“CIC, the IRB and the CBSA are interpreting the act and regulations to mean that if immigration representation or advice is provided at any stage of a proceeding or an application, it is irrelevant when the applicant has compensated or will compensate their representative.  The fact is that the representative is being compensated.  Compensation includes payments or other forms of consideration such as goods or services, whether provided by the applicant or on behalf of the applicant.” 

The Manual goes on to discuss the traditional stakeholders who may have assisted in the preparation of immigration applications in the past and specifically mentions the following:

  1. Educational stakeholders in Canada
  2. Educational agents abroad
  3. Employment agencies and recruiters
  4. Adoption agencies
  5. Live-in care givers agents

Furthermore an internal memo from an immigration official specifically clarifies the approach of these departments with respects to HR professionals:

HR professionals, which may include employment agents or recruiters, are known to assist in various types of employments and immigration related matters.  Certain functions which might normally be handled by representatives are permitted for individuals who are not authorized representatives.  In general, if a person is providing services which do not involve advising or representing someone on an immigration matter then he or she is not required to be an authorized immigration representative.  However, any person providing immigration advice or representation to a client for consideration must be an authorized representative to do so.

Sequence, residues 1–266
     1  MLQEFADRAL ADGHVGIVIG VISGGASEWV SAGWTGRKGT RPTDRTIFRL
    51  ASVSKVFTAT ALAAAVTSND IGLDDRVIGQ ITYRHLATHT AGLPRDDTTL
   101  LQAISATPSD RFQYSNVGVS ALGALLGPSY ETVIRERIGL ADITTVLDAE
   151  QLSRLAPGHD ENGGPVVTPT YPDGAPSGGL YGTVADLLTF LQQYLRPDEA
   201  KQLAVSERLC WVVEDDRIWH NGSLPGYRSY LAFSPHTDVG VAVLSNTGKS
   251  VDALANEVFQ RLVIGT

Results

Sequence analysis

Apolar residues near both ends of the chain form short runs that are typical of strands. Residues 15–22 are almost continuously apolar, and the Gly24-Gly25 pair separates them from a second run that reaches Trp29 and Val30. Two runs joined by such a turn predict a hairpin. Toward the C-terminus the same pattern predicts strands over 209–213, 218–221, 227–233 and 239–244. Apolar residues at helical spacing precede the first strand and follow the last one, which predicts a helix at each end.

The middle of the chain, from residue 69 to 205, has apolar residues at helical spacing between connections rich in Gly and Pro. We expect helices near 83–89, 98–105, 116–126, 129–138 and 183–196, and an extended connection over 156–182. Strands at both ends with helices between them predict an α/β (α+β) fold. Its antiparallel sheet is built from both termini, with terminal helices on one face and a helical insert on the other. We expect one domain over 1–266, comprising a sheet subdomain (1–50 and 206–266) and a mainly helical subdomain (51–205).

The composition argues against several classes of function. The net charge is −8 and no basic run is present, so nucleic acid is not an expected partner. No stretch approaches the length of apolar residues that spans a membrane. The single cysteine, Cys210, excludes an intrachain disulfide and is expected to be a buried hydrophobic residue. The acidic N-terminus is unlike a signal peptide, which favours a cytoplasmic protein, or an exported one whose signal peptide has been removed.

Section 5.4 of the IP 9 manual provides guidance on what stakeholders, such as HR professionals, may or may not do.  With the coming into force of          Bill C-35, many stakeholders are now required to be members of a prescribed regulatory body if they wish to provide immigration services to their clients, when they were not obliged to do so in the past.  At the same time, it is recognized that, as part of the hiring process, some functions remain the responsibility of the employer. As such, HR professionals, who are not authorized representatives, are only permitted to engage in certain functions, such as:

  • Conducting a job interview
  • Making offers of employment
  • Directing someone to the CIC website to find information on immigration programs or to find immigration application forms
  • Providing translation, courier or medical services
  • Making travel arrangements
  • Directing someone to an authorized immigration representative  

However, HR professionals, who are not an authorized representative, may not provide immigration advice or represent a client in connection with an application or proceeding under the Immigration and Refugee Protection Act.  Examples of advice or representation in this context would include:

  • Explaining and/or providing advice on someone’s immigration options
  • Providing guidance to a client on how to select the best immigration stream
  • Completing and submitting immigration forms on a clients behalf
  • Communication with CIC and the CBSA on a client’s behalf
  • Representing a client in an immigration application or proceeding
  • Representing a client in an Arranged Employment Opinion or Labour Market Opinion  

The thrust of the regulatory changes with respect to paid immigration representatives is whether you are receiving consideration for your services in the preparation of these documents.  The compensation does not have to be paid directly by the individual applicant.  The Manual provisions are clearly interpreting payment or compensation to cover any form of payment or fee such as the fees obtained by educational facilities, adoption agencies, recruitment agencies, and HR personnel who are paid for their services by their employer.  The effect of Bill-C35 is to dramatically change the services which many in-house HR professionals have traditionally provided for their corporate employees in the past.